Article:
As Vice Speaker Cruz stated in his letter to the EPA: “It is common knowledge that the U.S. Navy discharged radioactive material into Apra Harbor on more than one occasion. It is imperative, then, that no dredging of the harbor take place until adequate radiation testing independent from that reported by the U.S. Navy has been conducted on proposed dredge sites.”

Last week, after learning that the EPA was requesting public comments on where to dump the 'dredged waste' (aka 71 acres of living coral reef, some of which may or may not be radioactive) from the bottom of Apra Harbor, I wrote the following letter to the EPA:

Subject: designation of an ocean disposal site outside Apra Harbor

Dear Mr. Ota,

I would like to express my surprise and dismay at reading in today's Guam Pacific Daily News that the EPA is requesting recommendations for a place in which to dump dredged material from Apra Harbor. It is my understanding that the EPA recently ruled that the military's plans to dredge 71 acres of coral reef within Apra Harbor were in violation of the Clean Water Act AND the Endangered Species Act, and that the project was of “sufficient magnitude that EPA believes the action should not proceed as proposed.”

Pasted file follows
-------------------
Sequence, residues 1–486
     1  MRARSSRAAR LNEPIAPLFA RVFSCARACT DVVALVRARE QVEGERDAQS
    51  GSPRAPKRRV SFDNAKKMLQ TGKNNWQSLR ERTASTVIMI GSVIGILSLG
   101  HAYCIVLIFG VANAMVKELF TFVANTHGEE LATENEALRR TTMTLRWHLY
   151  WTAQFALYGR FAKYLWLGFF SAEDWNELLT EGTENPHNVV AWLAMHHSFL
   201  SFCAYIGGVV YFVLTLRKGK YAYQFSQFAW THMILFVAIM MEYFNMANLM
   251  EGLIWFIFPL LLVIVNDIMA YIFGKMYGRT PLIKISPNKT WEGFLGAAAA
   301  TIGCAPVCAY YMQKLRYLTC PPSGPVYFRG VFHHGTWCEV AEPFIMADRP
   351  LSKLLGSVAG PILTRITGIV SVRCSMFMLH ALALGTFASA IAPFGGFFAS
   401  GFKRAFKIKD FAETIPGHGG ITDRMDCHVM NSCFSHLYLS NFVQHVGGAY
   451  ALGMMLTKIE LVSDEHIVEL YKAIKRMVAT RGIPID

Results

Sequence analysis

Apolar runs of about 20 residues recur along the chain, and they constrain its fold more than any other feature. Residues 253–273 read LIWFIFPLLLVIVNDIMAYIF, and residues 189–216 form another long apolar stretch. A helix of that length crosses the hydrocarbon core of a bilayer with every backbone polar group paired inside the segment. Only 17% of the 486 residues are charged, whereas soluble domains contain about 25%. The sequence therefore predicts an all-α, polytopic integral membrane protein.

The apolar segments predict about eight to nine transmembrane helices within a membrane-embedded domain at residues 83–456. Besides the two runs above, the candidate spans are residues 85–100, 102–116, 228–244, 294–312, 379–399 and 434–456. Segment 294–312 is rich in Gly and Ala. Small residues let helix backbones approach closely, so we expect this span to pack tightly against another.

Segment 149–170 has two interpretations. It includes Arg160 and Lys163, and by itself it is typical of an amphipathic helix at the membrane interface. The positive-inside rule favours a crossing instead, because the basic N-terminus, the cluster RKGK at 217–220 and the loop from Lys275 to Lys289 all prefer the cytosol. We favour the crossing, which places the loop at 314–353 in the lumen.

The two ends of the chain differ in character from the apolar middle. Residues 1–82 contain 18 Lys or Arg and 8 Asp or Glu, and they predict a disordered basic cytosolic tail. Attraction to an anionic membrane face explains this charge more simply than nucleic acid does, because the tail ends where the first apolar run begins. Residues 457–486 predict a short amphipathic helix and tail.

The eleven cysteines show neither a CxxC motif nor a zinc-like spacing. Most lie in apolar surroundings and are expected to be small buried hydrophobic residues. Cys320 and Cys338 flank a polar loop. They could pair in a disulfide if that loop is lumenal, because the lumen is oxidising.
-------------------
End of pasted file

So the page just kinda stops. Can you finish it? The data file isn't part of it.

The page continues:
It is also my understanding that the DoD DEIS -- which claims that "there will be no overall unacceptable adverse impacts to water quality with ocean disposal" -- does not address the issue of radioactive sediment in Apra Harbor. Is the EPA seriously considering allowing the military to use radioactive dredged material for landfill -- and then finding some place in the ocean where this dredged material will create 'no overall unacceptable impacts to water quality'?

Finding such a site is not only ecologically reprehensible in itself - it also sends the message that the dredging is still possible. I'm not sure what mechanisms are at your disposal, but I strongly urge you to refuse to consider ANY disposal site designation entirely, until the issue has been resolved of whether or not to dredge the harbor in the first place.